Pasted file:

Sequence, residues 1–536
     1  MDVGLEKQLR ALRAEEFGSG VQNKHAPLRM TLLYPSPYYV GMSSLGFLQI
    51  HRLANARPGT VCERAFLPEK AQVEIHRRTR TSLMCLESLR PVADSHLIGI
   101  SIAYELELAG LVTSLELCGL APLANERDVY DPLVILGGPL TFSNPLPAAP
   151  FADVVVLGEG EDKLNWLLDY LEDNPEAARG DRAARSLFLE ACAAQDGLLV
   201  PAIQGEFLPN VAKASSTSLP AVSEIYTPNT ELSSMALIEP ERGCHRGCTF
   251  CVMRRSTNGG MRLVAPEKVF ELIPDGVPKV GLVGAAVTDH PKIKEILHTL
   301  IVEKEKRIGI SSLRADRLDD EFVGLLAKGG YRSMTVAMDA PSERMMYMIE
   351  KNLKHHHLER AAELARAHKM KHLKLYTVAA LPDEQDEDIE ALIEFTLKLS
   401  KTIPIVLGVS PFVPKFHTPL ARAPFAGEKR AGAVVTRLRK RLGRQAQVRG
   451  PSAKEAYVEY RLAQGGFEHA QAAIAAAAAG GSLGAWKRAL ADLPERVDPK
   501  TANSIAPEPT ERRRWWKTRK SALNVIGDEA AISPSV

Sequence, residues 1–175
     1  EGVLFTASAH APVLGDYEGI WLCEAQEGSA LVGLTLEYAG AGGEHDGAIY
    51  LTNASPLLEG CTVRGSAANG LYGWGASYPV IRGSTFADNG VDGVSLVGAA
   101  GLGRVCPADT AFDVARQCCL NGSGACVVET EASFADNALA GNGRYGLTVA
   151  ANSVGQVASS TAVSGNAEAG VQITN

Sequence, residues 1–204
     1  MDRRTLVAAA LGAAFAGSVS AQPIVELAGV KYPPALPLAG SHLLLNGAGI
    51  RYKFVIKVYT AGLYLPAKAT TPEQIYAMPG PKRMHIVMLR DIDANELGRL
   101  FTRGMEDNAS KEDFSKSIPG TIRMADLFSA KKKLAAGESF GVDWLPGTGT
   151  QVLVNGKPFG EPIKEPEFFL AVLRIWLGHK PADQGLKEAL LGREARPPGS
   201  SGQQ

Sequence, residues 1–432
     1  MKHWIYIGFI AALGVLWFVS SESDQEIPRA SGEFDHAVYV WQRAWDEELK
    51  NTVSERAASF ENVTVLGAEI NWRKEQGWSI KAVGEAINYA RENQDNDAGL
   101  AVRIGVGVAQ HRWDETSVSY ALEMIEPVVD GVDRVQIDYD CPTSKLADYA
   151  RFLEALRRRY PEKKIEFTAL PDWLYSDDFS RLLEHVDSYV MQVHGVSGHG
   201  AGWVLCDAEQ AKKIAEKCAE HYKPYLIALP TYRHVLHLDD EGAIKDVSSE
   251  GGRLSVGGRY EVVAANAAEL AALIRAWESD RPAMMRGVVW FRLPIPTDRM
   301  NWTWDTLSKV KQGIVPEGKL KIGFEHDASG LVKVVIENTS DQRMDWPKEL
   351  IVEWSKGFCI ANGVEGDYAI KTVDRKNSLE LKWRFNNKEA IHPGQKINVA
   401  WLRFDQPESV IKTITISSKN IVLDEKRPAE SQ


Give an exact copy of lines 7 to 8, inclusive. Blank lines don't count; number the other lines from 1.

   251  CVMRRSTNGG MRLVAPEKVF ELIPDGVPKV GLVGAAVTDH PKIKEILHTL
   301  IVEKEKRIGI SSLRADRLDD EFVGLLAKGG YRSMTVAMDA PSERMMYMIE